Jordan. "But in a recession, timidity rules."
Forced to postpone production from July to November of
1991, Woolley frantically began looking for investors.
"It was a true nightmare," says Rea. "I
knew that I wanted to do the film, but I had to turn down
a lot of other work." By the time The Crying Game
began two months of shooting in Ireland and England,
the film's entire cast and crew agreed to defer 30 percent
of their salaries until profits were recouped. "My
distribution company went bust," says Woolley, who
has produced four of Jordan's other feature films. "I
had to borrow from everywhere."
But the money came with strings attached. Unhappy with
The Crying Game's ending, investors demanded that
Jordan write a different, more optimistic final scene.
"I wrote a fake ending that I knew would make them
happy," says Jordan. "And I had to shoot it
just in order to show them that it didn't work, so I could
get permission to go back and shoot my original ending."
The unused wrap-up involved an out-of-the-blue cash windfall
and an escape to Barbados for some of the characters.
"I didn't enjoy doing (the alternative ending),"
says Rea. "And maybe that came through on film."
With it's original ending restored, The Crying Game
looked better on celuloid than it had on paper. Miramax,
which had been cool to the script, eagerly purchased distribution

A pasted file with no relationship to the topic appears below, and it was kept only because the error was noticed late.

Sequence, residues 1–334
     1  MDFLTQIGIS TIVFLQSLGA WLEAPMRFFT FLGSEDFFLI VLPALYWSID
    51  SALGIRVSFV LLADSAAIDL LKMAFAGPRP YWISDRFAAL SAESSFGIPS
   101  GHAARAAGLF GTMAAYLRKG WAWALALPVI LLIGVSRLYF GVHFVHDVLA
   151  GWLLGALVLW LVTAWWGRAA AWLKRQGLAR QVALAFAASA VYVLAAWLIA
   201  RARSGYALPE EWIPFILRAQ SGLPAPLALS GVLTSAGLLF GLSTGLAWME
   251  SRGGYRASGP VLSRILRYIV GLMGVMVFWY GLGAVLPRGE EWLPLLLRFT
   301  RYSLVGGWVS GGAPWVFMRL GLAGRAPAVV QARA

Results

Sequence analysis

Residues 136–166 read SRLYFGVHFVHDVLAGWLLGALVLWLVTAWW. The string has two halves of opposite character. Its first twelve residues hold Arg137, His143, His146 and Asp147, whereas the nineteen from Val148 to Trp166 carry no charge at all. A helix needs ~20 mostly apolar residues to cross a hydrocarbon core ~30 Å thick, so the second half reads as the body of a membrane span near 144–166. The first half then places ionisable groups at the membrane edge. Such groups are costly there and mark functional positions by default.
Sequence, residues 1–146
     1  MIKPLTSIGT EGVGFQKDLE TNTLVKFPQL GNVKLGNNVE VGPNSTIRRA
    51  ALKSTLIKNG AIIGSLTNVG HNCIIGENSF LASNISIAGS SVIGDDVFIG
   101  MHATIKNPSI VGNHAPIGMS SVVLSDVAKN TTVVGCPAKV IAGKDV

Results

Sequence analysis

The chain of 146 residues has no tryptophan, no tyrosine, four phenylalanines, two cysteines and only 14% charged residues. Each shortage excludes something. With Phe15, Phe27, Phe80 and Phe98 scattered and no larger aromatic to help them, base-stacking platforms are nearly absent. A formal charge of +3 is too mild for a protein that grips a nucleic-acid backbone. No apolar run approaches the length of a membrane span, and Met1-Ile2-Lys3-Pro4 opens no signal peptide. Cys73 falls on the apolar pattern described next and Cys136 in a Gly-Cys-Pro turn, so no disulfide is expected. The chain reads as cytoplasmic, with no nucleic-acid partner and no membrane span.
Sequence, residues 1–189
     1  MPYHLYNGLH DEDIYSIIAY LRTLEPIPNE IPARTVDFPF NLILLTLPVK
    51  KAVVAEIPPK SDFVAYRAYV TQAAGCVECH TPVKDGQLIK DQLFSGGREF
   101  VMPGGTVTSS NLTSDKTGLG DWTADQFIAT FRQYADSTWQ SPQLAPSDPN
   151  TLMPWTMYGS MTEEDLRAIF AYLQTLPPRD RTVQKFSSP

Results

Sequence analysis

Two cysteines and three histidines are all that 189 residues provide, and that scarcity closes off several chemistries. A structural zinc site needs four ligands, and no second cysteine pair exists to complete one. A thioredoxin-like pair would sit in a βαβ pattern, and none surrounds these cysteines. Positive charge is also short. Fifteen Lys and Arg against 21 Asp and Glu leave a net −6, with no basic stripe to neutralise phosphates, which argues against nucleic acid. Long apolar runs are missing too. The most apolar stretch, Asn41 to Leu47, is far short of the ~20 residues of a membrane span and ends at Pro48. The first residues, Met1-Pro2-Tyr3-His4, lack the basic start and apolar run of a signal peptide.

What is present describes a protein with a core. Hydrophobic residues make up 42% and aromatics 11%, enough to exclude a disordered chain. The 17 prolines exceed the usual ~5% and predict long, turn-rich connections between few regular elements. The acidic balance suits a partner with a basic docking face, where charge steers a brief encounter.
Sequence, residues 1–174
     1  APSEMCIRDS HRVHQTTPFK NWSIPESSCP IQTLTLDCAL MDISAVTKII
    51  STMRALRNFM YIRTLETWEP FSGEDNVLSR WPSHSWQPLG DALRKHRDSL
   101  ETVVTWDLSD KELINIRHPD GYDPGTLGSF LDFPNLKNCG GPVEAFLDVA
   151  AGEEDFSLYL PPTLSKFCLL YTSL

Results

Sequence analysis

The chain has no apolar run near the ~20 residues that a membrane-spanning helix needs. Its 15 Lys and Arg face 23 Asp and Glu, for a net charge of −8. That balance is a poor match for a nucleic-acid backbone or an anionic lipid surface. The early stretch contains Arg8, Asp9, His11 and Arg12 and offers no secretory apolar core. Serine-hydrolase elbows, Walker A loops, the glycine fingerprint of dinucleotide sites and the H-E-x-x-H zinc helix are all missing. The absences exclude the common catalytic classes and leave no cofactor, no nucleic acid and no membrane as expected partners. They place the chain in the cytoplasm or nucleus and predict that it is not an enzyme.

rights for just over $1 million, unveiling the movie at
the Telluride Film Festival last September. "The
audience at Telluride was older and rather wealthy,"
recalls Woolley, "And The Crying Game is a
movie about people we usually demonize as terrorists and
deviants. We had no idea how the audience would react."
When the closing credits rolled, however, the filmmakers
were relieved to hear applause followed by an excited
Faced with publicizing a movie with an unpublicizable
plot, Miramax sent a statement to reviewers asking them
to keep the story's unexpected turns a secret. The critics
cooperated when the film opened in New York and Los Angeles
over Thanksgiving weekend - but, more significantly, so
did the moviegoers. The Sanctity of the Secret soon became
a badge of good behavior among discerning viewers. "In
the first weeks of the movie," says Miramax's Weinstein,
"I went to the theater and said, 'What happens in
this movie? I heard there's a big secret.' And people
would be violent! They'd say, 'I'm not going to ruin it
for you - see it for yourself!'"
Those words are gold to a film's box office chances, so
it's no surprise that in two months at New York's strenuously
trendy Angelika Film Center, The Crying Game has
already sold a record $600,000 worth of tickets. But as
the film's release has been broadened, it has done impressively
in such markets as Atlanta, Dallas, Philadelphia, and
Minneapolis, where its $81,000 second week was an all-time
high for the Landmark's chain's Uptown Theater. "The
film has broken records for us in several cities, "
says David Swanson, Landmark's vice president of marketing.
"And in no case was its first week its biggest week.
We don't see that often. It's very strange."
Even within the movie industry, the secret - to tell
or not to tell - has become a playful hot topic. Lily
Tomlin, appearing on TV's CableACE Awards, teasingly threatened
to spill the secret on the air. (She didn't.) And at this
year's New York Film Critics Circle dinner, where Jordan's
screenplay and Richardson's performance won prizes, director